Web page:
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In This List

Nuke plan could benefit NY by $4.39B; Quebec launches plan to boost renewables

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Essential Energy Insights September 2020

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Nuke plan could benefit NY by $4.39B; Quebec launches plan to boost renewables

NewYork's proposed clean energy standard plan requiring 50% of the state's electricityto be generated by renewables by 2030 while also ensuring that upstate nuclearplants continue to generate power could cost New Yorkers $3.62 billion butdeliver $4.39 billion in net benefits after accounting for the impact ofreduced carbon emissions, according to a new cost-benefit analysis of theprogram.

Notingthat FERC staff has been "examining the use electric storage resources tohelp meet wholesale electricity needs for some time," the head of theagency's Office of Energy Policy and Innovation asked the sixcommission-approved RTOs/ISOs to answer a series of questions aimed atidentifying and eventually eliminating barriers to those resources'participation in organized capacity, energy and ancillary markets.

Taxcredits for carbon capture and certain forms of renewable energy will not maketheir way into a Federal Aviation Administration reauthorization bill afterpushback from conservative groups and lawmaker.

TheCalifornia Public Utilities Commission is scheduled to consider a proposal toestimate and cap the net energy metering credits a rooftop solar customer couldget by combining distributed generation with storage devices.

While Morgan Stanley Research previously said it believedunits of FirstEnergy Corp.and American Electric Power Co.Inc. face a "very significant risk" that FERC willrescind their waivers of affiliate power sales restrictions in order todetermine if certain of the companies' power purchase agreements are just andreasonable, the firm's analysts now say that result is "likely."

AGOP task force in the U.S. House of Representatives aimed at easing regulatoryburdens for the energy sector and other industries expects to roll outrecommendations for its agenda ahead of the Republican National Convention inJuly.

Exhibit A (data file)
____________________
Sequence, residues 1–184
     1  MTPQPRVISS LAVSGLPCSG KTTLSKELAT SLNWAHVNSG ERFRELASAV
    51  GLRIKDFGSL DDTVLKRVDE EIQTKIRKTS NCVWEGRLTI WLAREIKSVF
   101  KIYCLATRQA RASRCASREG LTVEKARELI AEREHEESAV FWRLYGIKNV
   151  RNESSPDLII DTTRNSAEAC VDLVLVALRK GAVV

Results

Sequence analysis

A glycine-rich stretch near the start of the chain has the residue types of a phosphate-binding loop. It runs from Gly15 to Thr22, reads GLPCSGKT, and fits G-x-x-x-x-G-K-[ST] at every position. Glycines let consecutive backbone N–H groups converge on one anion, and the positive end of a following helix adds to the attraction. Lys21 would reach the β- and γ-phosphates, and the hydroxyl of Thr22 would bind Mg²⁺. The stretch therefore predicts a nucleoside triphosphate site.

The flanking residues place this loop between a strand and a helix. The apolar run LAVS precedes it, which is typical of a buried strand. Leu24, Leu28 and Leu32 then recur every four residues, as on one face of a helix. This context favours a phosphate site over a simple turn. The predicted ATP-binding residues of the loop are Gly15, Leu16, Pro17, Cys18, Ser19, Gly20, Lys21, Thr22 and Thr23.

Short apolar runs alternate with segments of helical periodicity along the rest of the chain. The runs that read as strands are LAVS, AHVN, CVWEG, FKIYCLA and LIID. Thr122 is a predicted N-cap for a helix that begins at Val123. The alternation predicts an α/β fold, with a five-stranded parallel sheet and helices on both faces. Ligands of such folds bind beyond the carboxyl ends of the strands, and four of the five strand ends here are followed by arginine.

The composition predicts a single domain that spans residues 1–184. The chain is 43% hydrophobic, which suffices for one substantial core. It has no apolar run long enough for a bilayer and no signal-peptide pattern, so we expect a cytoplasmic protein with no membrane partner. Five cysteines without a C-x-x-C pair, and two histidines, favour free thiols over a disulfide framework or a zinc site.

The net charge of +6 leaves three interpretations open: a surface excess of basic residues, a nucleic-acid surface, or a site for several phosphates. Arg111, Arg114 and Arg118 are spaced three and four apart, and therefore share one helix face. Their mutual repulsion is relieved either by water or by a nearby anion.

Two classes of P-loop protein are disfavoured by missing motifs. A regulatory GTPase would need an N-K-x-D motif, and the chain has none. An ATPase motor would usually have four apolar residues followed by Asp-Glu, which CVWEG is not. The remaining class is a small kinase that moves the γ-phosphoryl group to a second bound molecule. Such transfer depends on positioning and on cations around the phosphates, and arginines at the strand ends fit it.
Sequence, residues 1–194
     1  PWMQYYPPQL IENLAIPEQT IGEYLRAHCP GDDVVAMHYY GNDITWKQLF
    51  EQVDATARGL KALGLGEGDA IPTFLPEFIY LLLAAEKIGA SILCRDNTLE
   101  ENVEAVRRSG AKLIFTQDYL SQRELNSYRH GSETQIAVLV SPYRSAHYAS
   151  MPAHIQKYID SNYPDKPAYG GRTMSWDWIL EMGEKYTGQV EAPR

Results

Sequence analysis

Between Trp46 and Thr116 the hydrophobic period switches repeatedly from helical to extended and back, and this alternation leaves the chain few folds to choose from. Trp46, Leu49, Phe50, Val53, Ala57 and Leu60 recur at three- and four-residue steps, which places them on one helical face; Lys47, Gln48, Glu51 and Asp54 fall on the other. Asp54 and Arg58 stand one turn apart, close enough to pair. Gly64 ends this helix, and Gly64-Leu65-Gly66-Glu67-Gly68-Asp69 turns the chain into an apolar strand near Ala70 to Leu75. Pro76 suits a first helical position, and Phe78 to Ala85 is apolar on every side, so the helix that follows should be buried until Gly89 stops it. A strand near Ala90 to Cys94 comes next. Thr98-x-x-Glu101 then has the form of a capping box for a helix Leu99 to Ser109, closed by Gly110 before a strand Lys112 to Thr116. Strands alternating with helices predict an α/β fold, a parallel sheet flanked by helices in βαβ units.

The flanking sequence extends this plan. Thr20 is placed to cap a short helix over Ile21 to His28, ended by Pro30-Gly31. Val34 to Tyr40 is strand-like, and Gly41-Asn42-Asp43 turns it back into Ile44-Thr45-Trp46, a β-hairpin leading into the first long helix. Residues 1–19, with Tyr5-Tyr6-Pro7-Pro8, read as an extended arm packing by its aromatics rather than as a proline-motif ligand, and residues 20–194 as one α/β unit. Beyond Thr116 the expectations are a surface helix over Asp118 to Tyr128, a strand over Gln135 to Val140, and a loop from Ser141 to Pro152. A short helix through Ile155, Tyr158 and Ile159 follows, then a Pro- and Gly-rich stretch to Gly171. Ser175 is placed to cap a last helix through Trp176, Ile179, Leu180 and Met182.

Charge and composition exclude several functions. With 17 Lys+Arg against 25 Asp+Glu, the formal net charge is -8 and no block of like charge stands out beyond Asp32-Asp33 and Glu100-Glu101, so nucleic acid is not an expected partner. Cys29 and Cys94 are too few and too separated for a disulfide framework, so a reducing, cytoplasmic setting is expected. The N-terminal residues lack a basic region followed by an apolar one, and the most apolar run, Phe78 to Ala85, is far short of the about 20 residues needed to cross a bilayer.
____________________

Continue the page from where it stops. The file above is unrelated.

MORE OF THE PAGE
Federal,state and other officials signed amended agreements to remove fourhydroelectric dams on the Klamath River by 2020 and restore the river basin,basically repeating actions the parties took more than six years ago.

Quebec launches plan to boost renewables above 60% of energy mix

Quebec Premier Philippe Couillard and a group of keyministers unveiled plans to boost use of energy from renewable sources to about61% by 2030 under a plan that would see dramatic reductions in consumption ofpetroleum products and the elimination of the use of thermal coal.

Kentucky regulators have chosen not to implement uniformfederal standards that would regulate investments in smart grid infrastructureand the types of information given to customers through smart grid technology.Following a review of smart grid-related issues and technology, the Kentucky PublicService Commission also said it will allow utilities considerable flexibilityon how to deploy advanced smart grid systems.

Maryland legislation seeking to expand the state's renewableportfolio standard by mandating 25% of Maryland's electricity come fromrenewable energy sources by 2020 has passed both legislative houses. However,state lawmakers still have to sort out differences between two approvedversions before the bill heads to the desk of Republican Gov. Larry Hogan forconsideration.

In a long-awaited compromise, the Massachusetts Senate haspassed a bill that would increase the state's solar net metering cap by 3%,allowing development of distributed solar projects to move ahead again butimpose tough cuts on some larger distributed solar projects.

Citing the importance of balancing the need to prevent thepotential exercise of market power against the risk of over-mitigation, FERCheld fast to its earlier finding that some state-backed renewable resourcesshould be exempted from the ISONew England Inc.'s minimum offer price rule even though thatpractice may have an impact on prices in the region's forward capacity market.